Turkey orders arrest of 47 journalists

turkey-erdoganThe initial purge after the failed coup in Turkey resulted in the detention of thousands from the police force and the military. Expanding the purge, Turkey has by now suspended, detained or placed under investigation more than 60,000 soldiers, judges, teachers, journalists and others. The attempted coup on 15th-16th July was staged by a faction within the military. 

Turkey on Wednesday deepened a crackdown on suspected followers of a U.S. based Muslim cleric  ‘Fethullah Gulen,’ who it blames for the failed coup, dismissing nearly 1,700 military personnel and shutting 131 media outlets; moves that may spark more concern among its Western allies. 

On Wednesday, the military dishonorably discharged 1,684 of its personnel, a Turkish government official said, citing their role in the failed coup. Of those, 149 were generals and admirals which   represents roughly 40 percent of all Generals and Admirals in Turkey’s military. Broadcaster CNN Turk has reported that more than 15,000 people, including around 10,000 soldiers had been detained so far over the coup, citing the interior minister. Of those, more than 8,000 were formally arrested and pending trial. In addition, the government said in its official gazette that three news agencies, 16 television channels, 45 newspapers, 15 magazines and 29 publishers have been ordered shut down. 

turkey-journalistsFurther, the Turkish Government ordered the detention of 47 journalists and reporters from nation’s reputed news agencies, news channels and media. Among the journalists detained are columnists and staff of now defunct Zaman newspaper, the Gulen movement’s flagship media organization. They had also been raided earlier this year. 

The state-run news channels suffered massive destruction during the live telecast on 15th July, at the same time when Ankara, capital of Turkey and Istanbul were under siege with the coup attempt in progress. The violence invoked adverse reaction, and President Erdogan’s government had received massive support and backing from the masses at that time. 

The large scale arrests of journalists post the coup attempt are being viewed by many as an attempt to muzzle the freedom of speech.  Critics have been warning that the state of emergency imposed after the July 15 coup attempt poses grave threat to freedom of expression. The Turkish government however insists that it is investigating the journalists for possible criminal conduct only.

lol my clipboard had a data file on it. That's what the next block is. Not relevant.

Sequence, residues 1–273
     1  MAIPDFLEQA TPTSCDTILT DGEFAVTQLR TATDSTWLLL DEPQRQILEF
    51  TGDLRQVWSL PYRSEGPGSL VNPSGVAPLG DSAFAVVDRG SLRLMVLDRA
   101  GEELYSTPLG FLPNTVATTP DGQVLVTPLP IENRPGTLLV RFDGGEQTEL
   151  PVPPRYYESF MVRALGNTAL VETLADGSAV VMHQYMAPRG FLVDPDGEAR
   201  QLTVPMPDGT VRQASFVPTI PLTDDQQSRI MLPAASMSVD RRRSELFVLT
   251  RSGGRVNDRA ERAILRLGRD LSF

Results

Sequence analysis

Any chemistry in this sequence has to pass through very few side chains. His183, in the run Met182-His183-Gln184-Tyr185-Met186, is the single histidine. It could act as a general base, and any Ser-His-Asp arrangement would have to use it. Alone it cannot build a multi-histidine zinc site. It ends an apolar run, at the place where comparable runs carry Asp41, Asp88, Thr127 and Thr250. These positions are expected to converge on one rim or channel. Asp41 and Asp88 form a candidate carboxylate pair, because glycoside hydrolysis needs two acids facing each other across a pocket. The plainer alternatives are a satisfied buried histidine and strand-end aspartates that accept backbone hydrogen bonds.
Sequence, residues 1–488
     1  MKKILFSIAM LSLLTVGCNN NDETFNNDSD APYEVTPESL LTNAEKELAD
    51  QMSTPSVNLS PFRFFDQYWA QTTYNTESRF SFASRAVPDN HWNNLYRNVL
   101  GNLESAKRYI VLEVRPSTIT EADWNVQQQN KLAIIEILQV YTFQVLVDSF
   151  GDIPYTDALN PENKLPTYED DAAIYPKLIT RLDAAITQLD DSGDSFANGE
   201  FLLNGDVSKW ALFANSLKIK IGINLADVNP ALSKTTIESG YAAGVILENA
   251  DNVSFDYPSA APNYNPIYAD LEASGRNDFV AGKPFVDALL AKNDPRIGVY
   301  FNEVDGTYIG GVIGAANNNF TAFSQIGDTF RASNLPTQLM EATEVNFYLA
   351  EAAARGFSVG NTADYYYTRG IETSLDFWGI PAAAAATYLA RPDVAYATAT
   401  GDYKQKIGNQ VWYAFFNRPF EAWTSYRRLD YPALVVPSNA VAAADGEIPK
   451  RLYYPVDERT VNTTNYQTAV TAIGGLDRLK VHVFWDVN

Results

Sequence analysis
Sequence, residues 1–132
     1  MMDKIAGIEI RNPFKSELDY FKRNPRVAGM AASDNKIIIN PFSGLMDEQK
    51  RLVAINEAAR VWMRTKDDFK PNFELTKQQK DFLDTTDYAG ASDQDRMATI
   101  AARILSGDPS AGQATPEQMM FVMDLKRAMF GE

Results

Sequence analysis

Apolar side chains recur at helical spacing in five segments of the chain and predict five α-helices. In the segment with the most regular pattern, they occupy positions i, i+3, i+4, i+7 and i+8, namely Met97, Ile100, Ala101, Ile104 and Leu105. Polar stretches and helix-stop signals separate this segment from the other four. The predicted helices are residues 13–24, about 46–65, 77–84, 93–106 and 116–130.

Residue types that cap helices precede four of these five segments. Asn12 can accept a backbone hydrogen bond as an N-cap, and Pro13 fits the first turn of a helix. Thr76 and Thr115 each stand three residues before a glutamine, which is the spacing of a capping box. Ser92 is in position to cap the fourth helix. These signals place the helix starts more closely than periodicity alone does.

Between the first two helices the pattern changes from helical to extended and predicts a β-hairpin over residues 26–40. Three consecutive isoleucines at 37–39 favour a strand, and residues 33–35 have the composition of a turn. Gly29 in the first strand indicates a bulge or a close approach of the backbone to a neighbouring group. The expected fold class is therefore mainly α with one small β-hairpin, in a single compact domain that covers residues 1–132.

Former prominent Turkish commentator and politician Nazli Ilicak is among the arrested. The actions have invited severe criticism and even rage against President Erdogan’s government.  

 “We fear there will be a witch hunt which would include journalists known as ‘critical’ against the government. Because they are putting all journalists into one bag,” said Ahmet Abakay, president of the Progressive Journalists’ Association, a media group based in the Turkish capital Ankara. He said the situation was “very dangerous for every journalist” and that government warnings to reporters to be careful would lead to self-censorship. 

President Erdogan is being blamed by some for the violence two weeks ago.  When President Erdogan accused Fetullah Gulen, the reclusive cleric, Gülen rejected all accusations that he was behind the coup attempt. Instead he said, I don’t believe that the world believes the accusations made by President Erdoğan. He added that, “There is a possibility that it could be a staged coup and it could be meant for further accusations [against Gülen and his followers]. 

Turkey-arrestSocial media is now being accused for blaming Erdogan of planning the entire game of uprising by members of military simply to empower himself and secure his position. After severe actions against the media President Erdogan appears set to act against the social media.

The government has arrested seven fugitive soldiers, raiding a hotel in the resort town of Marmaris shortly after President Recep Tayyip Erdogan left it on the night of July 15th. The soldiers are accused for plotting President Erdogan’s murder. They reportedly had hoarded armaments in the basement to attack President Erdogan, but their plot failed. The armaments and weapons were discovered after two days of investigations.

The human rights agency Amnesty International claims the detainees are being subjected to inhuman treatment; they are being beaten and tortured. They are being denied food, water and medical treatment, and subjected to verbal abuse and threats.  The organization has published photographs to support its allegations against the Turkish Government for this inhuman treatment.

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